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Quotes on the Function of Poetry in General


Before we delve into the specific poems we have chosen for the course, we present the following ideas and thoughts on the nature and function of poetry that will help us to deal with the course materials. The men and women that penned these ideas will be names, certainly familiar to some, all from the world of literature, and should reverberate with us as we progress in the course.

  • “A poem must finally be seen as a formal structure which releases into the silences it creates a force of contained emotional perception beyond the power of statement” (John Ciardi, How does a Poem Mean, part 3, p. 1007).

  • T. S. Eliot said at his Nobel Prize reception (1948): “Poetry may make us from time to time a little more aware of the deeper, unnamed feelings which form the substratum of our being to which we rarely penetrate; for our lives are mostly a constant evasion of ourselves”.

  • “One day we’ll look back and see Jewish History as a blip, an aberration, and what will matter then is what has always mattered: Jewish Memory. And there in the realm of memory, which will always be irreconcilable with history, Jewish literature still holds out hope of having some influence” (Nicole Krauss, Forest Dark, p. 126).

  • “Poetry is not cultural resistance to genocide but resistance to cultural genocide” (Lawrence Langer, Admitting the Holocaust, p. 61).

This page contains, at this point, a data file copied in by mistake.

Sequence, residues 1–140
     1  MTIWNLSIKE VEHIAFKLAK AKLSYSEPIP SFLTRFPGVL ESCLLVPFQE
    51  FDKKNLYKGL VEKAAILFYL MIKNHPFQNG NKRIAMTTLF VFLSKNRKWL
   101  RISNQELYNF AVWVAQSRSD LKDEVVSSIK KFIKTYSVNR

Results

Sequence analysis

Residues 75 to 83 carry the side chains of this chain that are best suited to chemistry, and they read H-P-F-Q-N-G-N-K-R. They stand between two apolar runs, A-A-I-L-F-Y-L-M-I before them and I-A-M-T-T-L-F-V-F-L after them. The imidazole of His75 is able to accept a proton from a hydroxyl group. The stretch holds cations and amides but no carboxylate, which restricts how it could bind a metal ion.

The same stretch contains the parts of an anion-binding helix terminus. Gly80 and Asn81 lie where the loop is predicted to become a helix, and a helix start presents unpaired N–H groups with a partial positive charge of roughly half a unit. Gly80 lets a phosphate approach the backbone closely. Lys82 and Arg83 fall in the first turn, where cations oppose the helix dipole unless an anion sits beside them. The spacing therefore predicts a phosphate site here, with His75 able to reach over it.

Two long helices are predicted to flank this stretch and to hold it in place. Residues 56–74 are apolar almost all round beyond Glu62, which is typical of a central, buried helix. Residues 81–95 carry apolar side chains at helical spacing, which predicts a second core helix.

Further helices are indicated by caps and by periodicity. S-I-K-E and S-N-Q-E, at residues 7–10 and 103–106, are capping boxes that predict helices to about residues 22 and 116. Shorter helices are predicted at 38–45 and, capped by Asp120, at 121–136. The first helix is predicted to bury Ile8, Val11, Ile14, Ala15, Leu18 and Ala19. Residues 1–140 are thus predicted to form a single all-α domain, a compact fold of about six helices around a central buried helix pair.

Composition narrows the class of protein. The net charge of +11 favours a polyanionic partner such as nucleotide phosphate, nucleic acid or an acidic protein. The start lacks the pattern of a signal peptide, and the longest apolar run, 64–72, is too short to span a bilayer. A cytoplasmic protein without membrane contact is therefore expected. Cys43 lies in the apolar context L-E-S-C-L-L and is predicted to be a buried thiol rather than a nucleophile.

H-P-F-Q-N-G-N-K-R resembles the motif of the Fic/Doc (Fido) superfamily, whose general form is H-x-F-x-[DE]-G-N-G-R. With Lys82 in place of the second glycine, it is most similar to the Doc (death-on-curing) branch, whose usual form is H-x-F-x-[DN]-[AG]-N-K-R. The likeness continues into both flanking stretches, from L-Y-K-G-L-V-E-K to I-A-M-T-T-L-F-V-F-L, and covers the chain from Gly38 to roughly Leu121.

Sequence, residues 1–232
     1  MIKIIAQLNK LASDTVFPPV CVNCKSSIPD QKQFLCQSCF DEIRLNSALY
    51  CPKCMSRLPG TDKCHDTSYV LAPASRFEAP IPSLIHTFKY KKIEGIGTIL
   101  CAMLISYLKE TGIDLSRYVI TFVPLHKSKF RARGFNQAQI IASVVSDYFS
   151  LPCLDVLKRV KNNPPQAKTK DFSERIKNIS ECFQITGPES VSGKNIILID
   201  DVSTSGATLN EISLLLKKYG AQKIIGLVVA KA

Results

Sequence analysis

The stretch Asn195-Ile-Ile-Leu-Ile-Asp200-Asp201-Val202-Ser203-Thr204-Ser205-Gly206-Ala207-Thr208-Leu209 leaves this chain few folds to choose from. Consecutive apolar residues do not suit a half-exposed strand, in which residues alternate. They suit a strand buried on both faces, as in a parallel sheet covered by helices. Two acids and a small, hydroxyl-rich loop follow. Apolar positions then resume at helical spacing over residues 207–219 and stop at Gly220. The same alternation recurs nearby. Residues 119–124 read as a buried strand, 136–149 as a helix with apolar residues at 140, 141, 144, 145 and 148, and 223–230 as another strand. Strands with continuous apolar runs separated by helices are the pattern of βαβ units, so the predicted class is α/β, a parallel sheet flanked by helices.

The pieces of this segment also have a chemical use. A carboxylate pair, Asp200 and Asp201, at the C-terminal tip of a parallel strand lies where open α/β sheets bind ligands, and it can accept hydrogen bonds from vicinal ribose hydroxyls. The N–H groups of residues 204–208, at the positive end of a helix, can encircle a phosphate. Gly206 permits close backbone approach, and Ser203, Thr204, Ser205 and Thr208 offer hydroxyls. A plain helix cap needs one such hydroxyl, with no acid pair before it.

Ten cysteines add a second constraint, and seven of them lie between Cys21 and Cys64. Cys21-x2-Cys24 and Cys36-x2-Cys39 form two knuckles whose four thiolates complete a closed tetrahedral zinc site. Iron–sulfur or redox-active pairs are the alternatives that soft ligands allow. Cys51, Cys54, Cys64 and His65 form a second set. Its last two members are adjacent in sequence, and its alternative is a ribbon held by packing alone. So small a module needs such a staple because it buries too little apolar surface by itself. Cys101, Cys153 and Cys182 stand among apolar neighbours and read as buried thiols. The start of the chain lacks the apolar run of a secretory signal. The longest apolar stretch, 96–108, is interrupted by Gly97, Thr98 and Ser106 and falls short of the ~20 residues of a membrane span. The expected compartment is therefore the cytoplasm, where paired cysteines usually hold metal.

• “It is a matter here of the essential inadequacy of documentary evidence. It almost never has the power to give us the depths of a human being. For this purpose, the dramatist or the poet are more appropriate than the historian or psychologist” (Primo Levi, Moments of Reprieve, pp. 99-100).

  • “The historical, by its nature, tends to accent the unfolding of events while indicating social and political trends. Art, on the other hand, has always sought out the individual and his inner [world], and from that, it tries to understand the [outside] world. Art, perhaps only art, is the last defense against the banal, the commonplace and the irrelevant, and, to take it even further, the last defense against simplicity” (Aharon Appelfeld, Speech on the eve of Holocaust Martyrs’ and Heroes’ Remembrance Day, 1997, Yad Vashem).

Concluding this step on the function of poetry in general, I’m happy to pepper the serious discussion above with the last lines of a short poem by Wisława Szymborska entitled ‘Some People like Poetry’ (Poems New and Collected, p. 227). After stating that many answers to this question have been offered over time she ends her poem with the following:

But I just keep on not knowing, and I cling to that

Like a redemptive handrail

We find these lines beautiful in their modesty, from a Nobel Prize winner of Literature. But here in this course, we will attempt to contradict Szymborska with examples of poems that do illuminate for those of us born after the Holocaust, aspects of an inhuman-human history.

Questions on the quotes above:

  • Which quote penetrates you more than the others? Explain your choice.
  • The last two quotes come from Holocaust survivors. Do you discern a different emphasis in their statements from the others? If so, can you formulate the difference?
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Poetry and the Holocaust

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